Haunted Wedding Dress
Oh – and about those hauntings? Visitors say that they have experienced paranormal activity. But it’s an 1831 wedding dress on display, belonging to a woman from another local historic family – Elizabeth Bell – that seems to have a life of its own. Some claim that’s because Ana Baker, a jealous spinster, just wants it gone.
But, whether you see or feel something from beyond the grave or not, a tour of the Baker Mansion is fascinating in its own right – full of wonders and surprises.
VISIT: Southern Alleghenies Museum of Art (SAMA)
Enter the former Bretts Department Store – now the So. Alleghenies Museum of Art (SAMA) – to see an exquisite self-portrait by hyperrealist sculptor, Carole Feureman. It gives you an idea of what’s to come in this exciting, three-gallery downtown art museum.
Yes, SAMA’s permanent collection includes Classic American Art from the 1700’s until today, but the museum is known for having the largest collection of works by Magical Realist, Colleen Browning, whose sometimes-surreal compositions are seen on NYC Subway cars.
Although it doesn’t have all the bells and whistles of a larger institution, SAMA does provide valuable community resources – artswise – for the neighborhood. One initiative allows those who don’t have access to art supplies to take home a crochet, painting, drawing, or clay “Art Kit.” For free!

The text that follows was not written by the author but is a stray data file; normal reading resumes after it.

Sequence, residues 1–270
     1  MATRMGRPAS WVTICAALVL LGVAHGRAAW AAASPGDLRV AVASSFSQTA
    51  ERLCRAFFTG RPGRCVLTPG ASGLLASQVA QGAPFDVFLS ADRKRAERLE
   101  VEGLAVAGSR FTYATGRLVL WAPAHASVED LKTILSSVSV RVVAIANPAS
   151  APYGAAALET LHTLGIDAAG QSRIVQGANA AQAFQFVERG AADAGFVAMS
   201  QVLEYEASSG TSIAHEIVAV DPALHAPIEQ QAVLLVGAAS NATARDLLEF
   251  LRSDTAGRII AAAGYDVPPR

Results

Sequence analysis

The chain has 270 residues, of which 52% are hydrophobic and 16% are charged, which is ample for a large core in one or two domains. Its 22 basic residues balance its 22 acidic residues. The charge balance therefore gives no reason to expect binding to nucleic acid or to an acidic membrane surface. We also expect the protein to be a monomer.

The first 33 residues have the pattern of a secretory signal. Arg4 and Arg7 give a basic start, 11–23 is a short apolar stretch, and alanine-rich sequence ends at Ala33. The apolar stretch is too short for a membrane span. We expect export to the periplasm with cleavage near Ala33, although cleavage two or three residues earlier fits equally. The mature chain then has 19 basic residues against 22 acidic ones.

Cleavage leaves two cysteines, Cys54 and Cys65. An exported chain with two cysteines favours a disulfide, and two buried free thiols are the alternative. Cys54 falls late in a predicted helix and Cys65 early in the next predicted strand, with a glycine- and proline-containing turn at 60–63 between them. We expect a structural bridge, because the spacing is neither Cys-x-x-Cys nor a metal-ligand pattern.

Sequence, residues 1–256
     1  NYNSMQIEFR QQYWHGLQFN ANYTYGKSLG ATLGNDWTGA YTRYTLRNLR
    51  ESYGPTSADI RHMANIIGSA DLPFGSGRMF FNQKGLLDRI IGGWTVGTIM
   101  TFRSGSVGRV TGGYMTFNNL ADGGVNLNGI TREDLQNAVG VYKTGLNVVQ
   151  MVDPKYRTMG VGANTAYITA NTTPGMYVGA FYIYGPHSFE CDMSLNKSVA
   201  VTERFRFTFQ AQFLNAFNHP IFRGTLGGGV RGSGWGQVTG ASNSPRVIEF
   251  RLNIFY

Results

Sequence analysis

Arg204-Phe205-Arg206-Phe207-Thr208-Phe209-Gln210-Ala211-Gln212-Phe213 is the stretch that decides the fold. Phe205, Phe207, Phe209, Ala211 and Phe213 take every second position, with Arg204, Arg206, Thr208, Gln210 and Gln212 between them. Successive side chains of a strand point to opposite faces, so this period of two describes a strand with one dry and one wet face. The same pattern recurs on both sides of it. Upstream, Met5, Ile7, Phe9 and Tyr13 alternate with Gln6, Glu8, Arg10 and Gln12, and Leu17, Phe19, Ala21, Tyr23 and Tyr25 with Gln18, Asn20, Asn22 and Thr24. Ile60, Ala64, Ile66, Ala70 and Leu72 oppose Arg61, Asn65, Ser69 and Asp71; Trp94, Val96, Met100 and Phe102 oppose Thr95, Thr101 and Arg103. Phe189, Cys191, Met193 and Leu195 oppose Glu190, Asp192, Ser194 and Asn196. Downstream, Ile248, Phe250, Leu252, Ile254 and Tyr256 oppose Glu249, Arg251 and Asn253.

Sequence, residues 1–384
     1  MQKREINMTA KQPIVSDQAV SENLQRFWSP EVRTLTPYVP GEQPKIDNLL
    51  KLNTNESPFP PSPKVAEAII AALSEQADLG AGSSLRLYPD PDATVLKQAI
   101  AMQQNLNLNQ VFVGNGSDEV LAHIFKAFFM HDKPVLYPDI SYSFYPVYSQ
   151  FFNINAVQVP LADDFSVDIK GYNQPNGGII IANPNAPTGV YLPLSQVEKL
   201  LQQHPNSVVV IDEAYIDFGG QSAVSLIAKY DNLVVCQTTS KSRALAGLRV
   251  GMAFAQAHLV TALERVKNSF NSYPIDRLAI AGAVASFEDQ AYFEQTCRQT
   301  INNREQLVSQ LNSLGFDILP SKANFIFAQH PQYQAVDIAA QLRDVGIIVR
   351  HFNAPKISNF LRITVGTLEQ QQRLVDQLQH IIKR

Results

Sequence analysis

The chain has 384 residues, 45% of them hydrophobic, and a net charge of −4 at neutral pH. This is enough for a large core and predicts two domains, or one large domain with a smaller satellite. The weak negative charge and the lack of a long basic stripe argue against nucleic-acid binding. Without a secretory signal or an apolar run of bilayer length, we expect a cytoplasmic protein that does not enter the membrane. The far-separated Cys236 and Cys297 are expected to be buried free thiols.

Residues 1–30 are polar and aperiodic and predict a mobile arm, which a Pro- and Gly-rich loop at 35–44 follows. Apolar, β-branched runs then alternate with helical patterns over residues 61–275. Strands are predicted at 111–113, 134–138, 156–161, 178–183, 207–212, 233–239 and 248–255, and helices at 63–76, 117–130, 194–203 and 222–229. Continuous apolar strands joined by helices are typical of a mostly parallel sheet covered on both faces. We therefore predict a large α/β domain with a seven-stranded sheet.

SAMA launches about 4 or 5 exhibits per year, with cool events and special programming: always giving visitors new ways to experience this earnest institution. Museum Coordinator, Dante DiAndrea, is happy to coordinate your own special event – including, but not restricted to….marriage proposals in the foreground of your favorite work of art!
THEATER: Mishler Theatre
First built in 1906, the very grand Mishler Theatre has been undergoing restoration for decades. Walk in to see gold trimmed red upholstered seats, gilded carved woodwork, stunning wall and ceiling murals, and a glittering chandelier.
In the 1960’s, the Mishler was destined to become a parking lot. But thanks to a very appreciative and philanthropic membership, it was reclaimed as a jewel of downtown. After all, the Mishler is home to the Altoona Symphony Orchestra. At 95 years old in 2023, it’s the longest continuously performing community orchestra in the USA.